This interdisciplinary research project focuses on ecological and socioeconomic processes following the catastrophic flooding in New Orleans associated with Hurricane Katrina in August 2005. Urban areas that have experienced a traumatic event can be highly tractable systems for studying potential parallels between ecological and socioeconomic systems as well as feedbacks among them. With acute trauma resulting in an initial state change, the assembly and reassembly of proximate or coincident urban ecological and human communities can be a coupled dynamic, where outcomes are contingent on responses to common forcing factors or interactions arising from management interventions.

The catastrophic flooding of New Orleans following Hurricane Katrina resulted in a natural laboratory for investigating assembly and reassembly of coupled natural and human systems. We aim to determine the extent to which ecological and socioeconomic diversity exhibited parallel responses to Katrina-related flooding. We also are examining how interventions executed as public health measures shaped relationships and interactions between ecological and socioeconomic diversity. We are conducting geographic information system-based analyses of landscape heterogeneity and socioeconomic variation before and after Hurricane Katrina as well as plot-based inventories of post-Katrina plant communities accounting for flooding and socioeconomic stratification. We are also examining the ecology and demography of Norway rats (Rattus norvegicus), a habitat-dependent primary reservoir of zoonotic pathogens, in order to understand human health outcomes of flooding. This facet of the project involves a trap-based census; population genetic analysis of abundance and dispersal, and histological analysis of pathogen prevalence. Mail surveys and in-person interviews of households proximate to plant inventory and trapping sites as well as households in four neighborhoods having different income and ethnicity characteristics are being administered to determine how perceptions of risk compare to physical measures of exposure risk across the city. Information gained from these studies are being integrated into a spatially explicit predictive model of Norway rat demography to assess ecological and human-health outcomes of alternative control scenarios reflecting habitat suitability, movement, and risk perceptions.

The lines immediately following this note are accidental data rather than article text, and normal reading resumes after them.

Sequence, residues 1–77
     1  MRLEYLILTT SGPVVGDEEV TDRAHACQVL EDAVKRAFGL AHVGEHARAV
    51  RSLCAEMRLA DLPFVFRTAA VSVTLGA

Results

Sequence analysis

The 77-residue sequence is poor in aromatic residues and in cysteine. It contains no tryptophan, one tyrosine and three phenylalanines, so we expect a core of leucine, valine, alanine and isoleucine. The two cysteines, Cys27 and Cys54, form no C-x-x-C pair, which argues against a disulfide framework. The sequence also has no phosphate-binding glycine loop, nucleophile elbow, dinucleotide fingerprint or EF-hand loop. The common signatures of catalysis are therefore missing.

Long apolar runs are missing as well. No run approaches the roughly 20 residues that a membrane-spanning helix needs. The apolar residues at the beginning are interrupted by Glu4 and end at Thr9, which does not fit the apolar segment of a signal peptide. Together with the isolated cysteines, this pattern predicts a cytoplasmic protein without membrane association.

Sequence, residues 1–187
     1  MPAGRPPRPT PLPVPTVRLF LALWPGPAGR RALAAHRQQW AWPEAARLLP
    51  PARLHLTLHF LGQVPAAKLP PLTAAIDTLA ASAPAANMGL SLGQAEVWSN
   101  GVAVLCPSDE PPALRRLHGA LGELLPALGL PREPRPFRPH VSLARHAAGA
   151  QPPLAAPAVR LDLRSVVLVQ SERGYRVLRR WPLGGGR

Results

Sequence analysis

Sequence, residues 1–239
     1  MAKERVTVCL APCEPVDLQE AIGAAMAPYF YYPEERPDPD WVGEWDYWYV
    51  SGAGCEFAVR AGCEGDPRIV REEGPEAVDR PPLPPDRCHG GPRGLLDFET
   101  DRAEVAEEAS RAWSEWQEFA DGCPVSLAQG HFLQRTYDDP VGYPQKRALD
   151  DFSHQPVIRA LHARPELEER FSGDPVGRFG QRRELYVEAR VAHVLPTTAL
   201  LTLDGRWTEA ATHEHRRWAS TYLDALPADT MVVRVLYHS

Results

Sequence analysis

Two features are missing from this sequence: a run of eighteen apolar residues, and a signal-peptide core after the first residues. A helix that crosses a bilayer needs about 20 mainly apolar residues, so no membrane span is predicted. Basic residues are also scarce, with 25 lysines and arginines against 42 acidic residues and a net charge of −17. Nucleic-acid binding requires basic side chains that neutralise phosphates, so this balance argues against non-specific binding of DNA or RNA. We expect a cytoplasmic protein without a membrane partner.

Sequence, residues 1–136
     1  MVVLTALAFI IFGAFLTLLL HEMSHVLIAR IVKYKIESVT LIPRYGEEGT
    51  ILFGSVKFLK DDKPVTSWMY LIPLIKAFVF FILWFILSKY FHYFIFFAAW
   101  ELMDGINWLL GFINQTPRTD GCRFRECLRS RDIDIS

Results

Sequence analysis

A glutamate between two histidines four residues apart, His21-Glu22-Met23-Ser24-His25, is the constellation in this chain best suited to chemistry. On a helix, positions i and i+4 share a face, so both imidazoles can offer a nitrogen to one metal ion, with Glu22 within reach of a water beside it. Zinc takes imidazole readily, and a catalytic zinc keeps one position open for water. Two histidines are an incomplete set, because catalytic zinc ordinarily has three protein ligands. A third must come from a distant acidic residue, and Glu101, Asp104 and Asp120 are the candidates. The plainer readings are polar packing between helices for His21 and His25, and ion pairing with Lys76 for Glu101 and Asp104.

Trauma can have enduring consequences on environments and societies. Understanding the interplay between ecological and human communities will better prepare societies to anticipate and manage trauma inflicted by catastrophic events. This project is intended to help catalyze conceptual unification of disparate fields of research on the composition, assembly, and structure of communities, and it will generate new information and insights needed to foster and inform societal action at a time when unprecedented resources are being invested to rebuild New Orleans. By involving community partners, cross-university academic and public outreach programs are being coordinated to provide opportunities to promote awareness of trauma, diversity, and public health across stakeholder and underrepresented groups in the city. With urbanization placing an increasingly greater proportion of the global population at risk because of catastrophic events, we expect that lessons about the traumas experienced by New Orleans will provide new knowledge of scholarly and practical value to residents and decision makers in communities around the world.

This project is supported by the NSF Dynamics of Coupled Natural and Human Systems (CNH) Program.